I’ll never forget when we were filming the very first scene with Julia Ormond and Vincent. The minute they started to talk I leaned forward in my seat and was just interested beyond what I expected. I thought to myself from the moment they started, wow, this might be really something interesting. I think it worked. I thought Warren did a great job working it out in a very–you know, the show isn’t about psychiatry nor is it about simply cloning Goren’s soul. So we obviously had to do the murder mystery every episode as CI‘s always done. So, I think as a brushstroke at the edge of the canvas for the final season it really worked out quite well. I was very, very pleased with the way it came out.
Saunders: Getting a talent like Julia Ormond is a success in its own right. She’s wonderful and her scenes with Vincent worked very well.
Brancato: I totally agree with you. We didn’t cast for her until the last minute and she was spectacular and a very classy addition to the show.
Brancato: Well, I’ll be honest with you. It was one of a number of ideas that I had talked to Dick about doing, a range of ideas. I think it was Dick’s feeling that we should just do the best murder mystery he heard out of my mouth. I don’t think he wanted to do a murder mystery that circled back around and tied up all loose ends or was particularly personal to Goren or a mystery involving his family. He felt that we should do what the show has always done which was take you into some kind of a wall and do a good ol’ murder mystery, that the shrink stuff in our finale with Goren and Eames driving away would suffice to close out the season. And, if you ask me, this is not Dick talking, I think it’s because Dick has hope that in some or other reincarnation come back. I don’t think that he wanted a finale so to speak. I don’t think he wanted a murder mystery that was going to tell everybody we’re done now. Instead, I think he wanted a good, solid story that would cap off with Goren and Eames driving off to solve crimes somewhere else. Hopefully, in the vicinity or on your TV screens someday.
There wasn’t a great deal of calculation on our part about ooh, this is the final episode and we better do something on the murder mystery level to hark into that. We felt like we were taking care of our responsibility to the season with the arc that suggested Goren would continue to see a shrink, would continue to try and get himself better psychologically and mentally and the partnership with Eames would continue.
Saunders: When writing ripped from the headlines stories, does the network ever say you’re taking it too far with the similarities, or perhaps not taking a story far enough?
Brancato: [laughs] Well, the network told me the last episode was too much like the circumstances involved in the Facebook story and the movie The Social Network. And I said, well, it’s similar except Facebook didn’t have a murder. [laughs]
I’m a believer that [the ripped from the headlines story] worked pretty effectively with our “Icarus” episode and our “To The Boy In The Knit Blue Cap” episode. It’s not something that I would choose for every single episode of the show. In other words, it’s funny to see some of the stories we did this season that weren’t ripped from the headlines but were sprung right from the writer’s minds.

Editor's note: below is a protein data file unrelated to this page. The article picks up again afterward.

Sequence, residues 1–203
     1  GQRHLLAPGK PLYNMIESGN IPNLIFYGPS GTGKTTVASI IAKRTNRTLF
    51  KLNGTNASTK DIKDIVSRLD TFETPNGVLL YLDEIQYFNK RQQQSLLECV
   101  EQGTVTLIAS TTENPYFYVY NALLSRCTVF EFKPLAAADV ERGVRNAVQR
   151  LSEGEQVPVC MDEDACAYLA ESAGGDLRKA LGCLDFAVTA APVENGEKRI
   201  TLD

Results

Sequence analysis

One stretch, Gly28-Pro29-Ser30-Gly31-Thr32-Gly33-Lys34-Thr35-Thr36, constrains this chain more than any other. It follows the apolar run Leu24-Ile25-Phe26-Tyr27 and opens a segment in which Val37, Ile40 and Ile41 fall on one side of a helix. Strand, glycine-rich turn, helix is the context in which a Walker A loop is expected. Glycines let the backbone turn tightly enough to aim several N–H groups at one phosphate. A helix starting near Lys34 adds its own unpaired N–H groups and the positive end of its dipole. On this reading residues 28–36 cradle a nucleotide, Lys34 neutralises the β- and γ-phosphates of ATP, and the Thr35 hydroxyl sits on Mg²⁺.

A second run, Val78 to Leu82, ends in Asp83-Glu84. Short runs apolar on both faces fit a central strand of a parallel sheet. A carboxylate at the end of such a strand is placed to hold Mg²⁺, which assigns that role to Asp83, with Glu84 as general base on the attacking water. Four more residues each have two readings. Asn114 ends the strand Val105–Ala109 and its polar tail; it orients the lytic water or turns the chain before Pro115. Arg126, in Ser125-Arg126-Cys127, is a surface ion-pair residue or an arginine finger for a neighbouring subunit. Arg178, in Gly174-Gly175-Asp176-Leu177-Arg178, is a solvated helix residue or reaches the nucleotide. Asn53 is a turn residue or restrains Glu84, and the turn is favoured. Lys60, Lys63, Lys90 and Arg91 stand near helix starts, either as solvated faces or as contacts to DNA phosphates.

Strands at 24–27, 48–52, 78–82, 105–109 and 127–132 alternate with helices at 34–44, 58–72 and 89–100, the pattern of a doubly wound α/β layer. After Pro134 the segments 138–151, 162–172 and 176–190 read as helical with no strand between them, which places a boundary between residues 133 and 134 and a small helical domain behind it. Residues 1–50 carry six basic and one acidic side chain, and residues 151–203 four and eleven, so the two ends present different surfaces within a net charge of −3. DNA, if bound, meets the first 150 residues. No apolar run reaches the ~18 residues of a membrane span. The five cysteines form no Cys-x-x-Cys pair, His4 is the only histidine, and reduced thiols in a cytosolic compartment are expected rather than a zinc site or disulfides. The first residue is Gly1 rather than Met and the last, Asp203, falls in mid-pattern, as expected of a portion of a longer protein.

Saunders: Well, 2011 has definitely provided enough ripped from the headlines fodder for you guys…
Brancato: It sure did. [laughs]
I think you have to find a balance, if you ask me personally. I think my favorite episode on a story and quality level would be “The Last Street In Manhattan,” which brought us back to Eames’ neighborhood. But I enjoyed all of the episodes this year. I think that Vince and Katie were excited to come back to the show and you can see that in their performances. They were really excited to see each other again. I personally didn’t want to dwell on a lot of the oh, where have they been the last year?. I felt like we had to move forward and I think that it gave the show a shot in the arms in terms of getting back to business.
Saunders: Was it challenging constructing a final season when it was your first year working on the show?
Brancato: Challenge would be an understatement. It was one of the hardest jobs I’ve ever had. The show is extremely intricate and way more difficult to write than to watch it. Dick had warned me when I took the job, he said don’t think it’s that easy, it’s just not an easy show to write. Not only was he my mentor and my guide, it would be impossible to do a decent season without his involvement. He understands the show really, really well. But it was a really fun job. I couldn’t imagine it being more fun.
Saunders: What’s next for you?
Brancato: For me? Well, I’m actually working on a feature film script and also developing new television shows mostly from the cop genre. I look forward to going to networks and cable networks this coming summer and fall. I have something that I hope would make an interesting, iconic type of cop show. I would love the chance, if it ever presents itself, to do CI again. I would thank my family that if they came and told me that they were gonna renew the series til the day I die, I would sign up right away. It’s such a great group of people; from Dick, to people in Los Angeles… they are all just unbelievable great people. The crew was fabulous. Most of them that worked on the show were holdovers.
Any chance to reprieve this show in any way would be one of my main priorities.